Glass reviews Austrian documentary In The Basement

IT’S rare to see a movie in a London cinema and feel you’re actively bonding with the rest of the audience, but Ulrich Seidl’s 2014 documentary Im Keller (In the Basement) has exactly this effect. In its perturbingly wry staging and framing of what many would describe as “utter depravity”, viewers are – with few exceptions – left wondering whether to recoil or roll in the aisles or both.

'In the Basement'An image from In the Basement

Seidl has us from the first scene, which could be part of a nature documentary if nature documentaries had an explicitly voyeuristic edge. We watch a man watching a long glass cage in which a gigantic yellow python inches towards an oblivious gerbil. It’s quite clear, given the man’s dispassionate gaze, that nature will take its course here; the gerbil has no escape. This makes the encounter, filmed in a completely unbroken take of a minute or more, no less tense. When the python inevitably strikes, you jump out of your seat anyway.

Cut to a nicely geometric shot of a suburban roof, visible above a green hedge that occupies most of the frame, on a sunny day – and so begins the film’s dialectical rhythm of slow descent into intensity jerked back into ambient calmness. Sometimes there are brief syntheses between the two: unexplained shots of people staring blankly at the camera. It’s interesting how these occasional shots create unease not by what they contain – literally just people of various ages staring at the camera – but by the scenes that preceded them. It’s all part of the same queasy, foreign world.

Much has been made of the spectre of the Joseph Fritzl revelations, but not only was the idea for Im Keller in gestation long before 2008, the film contains tableaux that are twisted but by no means immoral. All parties, with the possible exception of the gerbil, appear to be engaging in the acts on screen consensually. Some play captive to sexually dominant lovers because they themselves are captives of their past, but the scenes that deliver the real katzenjammer are left psychologically unprobed. They’re just there. People behave like that because… well, they just do. Searching for a cause becomes recursive.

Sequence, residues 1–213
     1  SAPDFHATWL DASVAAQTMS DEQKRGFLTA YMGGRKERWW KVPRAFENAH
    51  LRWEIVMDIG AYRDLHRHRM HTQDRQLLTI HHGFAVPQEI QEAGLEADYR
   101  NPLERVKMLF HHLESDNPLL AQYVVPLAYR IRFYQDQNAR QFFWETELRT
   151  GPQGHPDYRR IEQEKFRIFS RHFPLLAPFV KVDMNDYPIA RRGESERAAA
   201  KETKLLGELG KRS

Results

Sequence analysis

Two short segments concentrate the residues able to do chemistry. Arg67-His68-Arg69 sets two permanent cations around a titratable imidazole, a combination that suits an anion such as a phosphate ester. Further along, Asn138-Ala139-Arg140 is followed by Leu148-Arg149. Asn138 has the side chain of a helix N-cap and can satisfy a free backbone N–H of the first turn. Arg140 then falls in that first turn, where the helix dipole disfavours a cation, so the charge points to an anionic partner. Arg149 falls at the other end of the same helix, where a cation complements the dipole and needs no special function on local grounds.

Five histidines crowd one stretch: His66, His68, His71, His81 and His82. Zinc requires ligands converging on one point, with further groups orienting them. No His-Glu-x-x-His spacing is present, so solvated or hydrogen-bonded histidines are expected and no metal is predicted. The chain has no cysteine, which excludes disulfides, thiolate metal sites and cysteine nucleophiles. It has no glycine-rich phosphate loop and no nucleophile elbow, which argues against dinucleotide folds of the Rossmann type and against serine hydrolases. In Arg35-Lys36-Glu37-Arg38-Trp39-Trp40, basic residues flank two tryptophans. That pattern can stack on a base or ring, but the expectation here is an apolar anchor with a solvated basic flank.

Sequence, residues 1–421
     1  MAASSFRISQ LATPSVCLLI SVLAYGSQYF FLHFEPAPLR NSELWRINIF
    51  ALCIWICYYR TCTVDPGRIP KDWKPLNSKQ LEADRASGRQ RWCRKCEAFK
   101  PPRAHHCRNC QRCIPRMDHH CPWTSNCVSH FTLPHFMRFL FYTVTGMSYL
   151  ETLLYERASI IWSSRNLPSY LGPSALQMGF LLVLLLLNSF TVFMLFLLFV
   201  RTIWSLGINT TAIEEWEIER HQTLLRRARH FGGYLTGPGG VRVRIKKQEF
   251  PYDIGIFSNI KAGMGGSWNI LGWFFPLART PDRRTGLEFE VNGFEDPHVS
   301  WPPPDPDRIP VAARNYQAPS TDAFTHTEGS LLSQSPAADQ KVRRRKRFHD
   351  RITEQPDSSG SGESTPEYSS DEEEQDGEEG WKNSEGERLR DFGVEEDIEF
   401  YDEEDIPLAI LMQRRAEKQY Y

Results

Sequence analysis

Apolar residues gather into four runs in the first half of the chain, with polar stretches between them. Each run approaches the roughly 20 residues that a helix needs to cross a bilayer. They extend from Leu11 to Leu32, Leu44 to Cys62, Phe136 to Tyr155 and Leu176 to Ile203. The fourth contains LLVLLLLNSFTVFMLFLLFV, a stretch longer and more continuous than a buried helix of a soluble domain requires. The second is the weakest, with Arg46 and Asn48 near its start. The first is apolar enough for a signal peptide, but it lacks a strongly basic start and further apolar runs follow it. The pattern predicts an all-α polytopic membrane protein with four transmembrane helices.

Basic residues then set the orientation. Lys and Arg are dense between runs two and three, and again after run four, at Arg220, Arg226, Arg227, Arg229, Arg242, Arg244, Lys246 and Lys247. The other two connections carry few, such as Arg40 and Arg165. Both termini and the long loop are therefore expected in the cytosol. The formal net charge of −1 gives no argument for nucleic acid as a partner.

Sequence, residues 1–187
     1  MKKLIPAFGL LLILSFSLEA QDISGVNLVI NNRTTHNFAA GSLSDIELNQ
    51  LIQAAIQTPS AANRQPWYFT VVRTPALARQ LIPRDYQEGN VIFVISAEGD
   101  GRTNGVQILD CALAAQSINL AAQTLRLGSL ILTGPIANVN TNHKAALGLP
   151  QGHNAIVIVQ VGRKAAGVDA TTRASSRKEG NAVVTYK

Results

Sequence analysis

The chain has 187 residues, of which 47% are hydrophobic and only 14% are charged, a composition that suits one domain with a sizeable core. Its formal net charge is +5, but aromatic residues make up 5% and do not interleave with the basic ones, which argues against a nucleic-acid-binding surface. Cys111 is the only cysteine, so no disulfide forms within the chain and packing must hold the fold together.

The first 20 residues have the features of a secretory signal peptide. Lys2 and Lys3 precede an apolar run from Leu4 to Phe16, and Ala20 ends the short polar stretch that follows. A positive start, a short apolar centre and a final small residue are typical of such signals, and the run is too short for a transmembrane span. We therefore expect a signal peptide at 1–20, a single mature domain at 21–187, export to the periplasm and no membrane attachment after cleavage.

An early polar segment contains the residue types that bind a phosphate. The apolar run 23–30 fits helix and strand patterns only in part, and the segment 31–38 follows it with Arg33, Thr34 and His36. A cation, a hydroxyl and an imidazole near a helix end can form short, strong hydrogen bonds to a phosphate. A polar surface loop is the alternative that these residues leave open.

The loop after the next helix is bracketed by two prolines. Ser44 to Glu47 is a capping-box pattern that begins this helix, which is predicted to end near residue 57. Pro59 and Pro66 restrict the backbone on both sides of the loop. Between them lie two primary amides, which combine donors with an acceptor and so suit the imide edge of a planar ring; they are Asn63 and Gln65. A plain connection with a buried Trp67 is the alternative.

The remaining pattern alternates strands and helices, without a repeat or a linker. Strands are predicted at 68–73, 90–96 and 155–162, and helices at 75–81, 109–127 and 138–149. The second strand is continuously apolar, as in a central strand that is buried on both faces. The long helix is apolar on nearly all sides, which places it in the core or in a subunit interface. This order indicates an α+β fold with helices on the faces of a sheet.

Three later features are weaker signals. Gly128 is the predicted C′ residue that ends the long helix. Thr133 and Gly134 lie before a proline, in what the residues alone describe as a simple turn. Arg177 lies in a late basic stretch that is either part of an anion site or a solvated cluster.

'In the Basement' 2Composite image from In the Basement

It’s tempting to view the “basement” of the title as a sort of metonym for the id – the basement of our minds, an unconscious driver. But what’s most surprising about the film, and its unsensationalised staging/framing of what people get up to, is that their behaviour feels compartmentalised rather than pervasive. If a woman decides to use a pulley system to hoist her husband up by the balls, or make him lick their toilet clean, that’s just part of their lives; it sheds no light on who (or why) they are. If a man uses his basement as a shooting gallery, it’s completely unrelated to his wish to have been a successful opera singer, which he expounds on during breaks from target practice. If a woman keeps eerie simulacra of lifeless babies in shoeboxes, and takes them out occasionally to caress and coddle, she may be an entirely different person above ground. This level of remove vitiates a straightforward post-Fritzl reading.

Nonetheless, the film is unflinching and unsettling. Seidl, a master manipulator, knows how to shock us far more effectively than torture-porn directors and horror movie maestros do; he gets under the skin in the same way as, say, Yorgos Lanthimos does, only more so. Im Keller is worth watching because you won’t be seeing this stuff anywhere else; you’ll never see anything more uncannily inhuman yet so inescapably human.

by Arjun Sajip

In The Basement was screened as part of the Architecture on Film season at the Barbican, London, which runs until March 17